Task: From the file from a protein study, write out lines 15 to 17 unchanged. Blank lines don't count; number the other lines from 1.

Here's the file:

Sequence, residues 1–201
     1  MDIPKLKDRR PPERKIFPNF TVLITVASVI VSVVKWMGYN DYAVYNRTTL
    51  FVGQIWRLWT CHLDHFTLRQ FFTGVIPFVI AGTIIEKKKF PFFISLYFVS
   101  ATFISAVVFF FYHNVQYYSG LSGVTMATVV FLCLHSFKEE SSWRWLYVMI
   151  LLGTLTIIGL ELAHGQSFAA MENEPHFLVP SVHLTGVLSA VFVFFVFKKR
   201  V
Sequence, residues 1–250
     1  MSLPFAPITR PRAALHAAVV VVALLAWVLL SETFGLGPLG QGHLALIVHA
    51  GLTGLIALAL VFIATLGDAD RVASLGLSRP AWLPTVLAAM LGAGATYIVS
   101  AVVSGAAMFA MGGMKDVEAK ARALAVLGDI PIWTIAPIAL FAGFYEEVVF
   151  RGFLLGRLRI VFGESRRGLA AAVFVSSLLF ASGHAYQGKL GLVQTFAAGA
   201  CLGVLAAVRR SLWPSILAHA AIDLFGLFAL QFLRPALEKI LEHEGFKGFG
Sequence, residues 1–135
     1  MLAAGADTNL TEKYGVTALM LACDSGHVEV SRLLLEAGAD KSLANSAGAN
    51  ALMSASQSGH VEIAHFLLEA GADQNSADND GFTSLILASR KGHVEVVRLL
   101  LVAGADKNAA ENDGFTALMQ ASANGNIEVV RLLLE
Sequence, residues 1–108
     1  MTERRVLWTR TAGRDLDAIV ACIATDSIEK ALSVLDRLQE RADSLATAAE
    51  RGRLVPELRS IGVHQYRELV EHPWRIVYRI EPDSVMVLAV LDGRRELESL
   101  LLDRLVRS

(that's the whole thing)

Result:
    51  ALMSASQSGH VEIAHFLLEA GADQNSADND GFTSLILASR KGHVEVVRLL
   101  LVAGADKNAA ENDGFTALMQ ASANGNIEVV RLLLE
Sequence, residues 1–108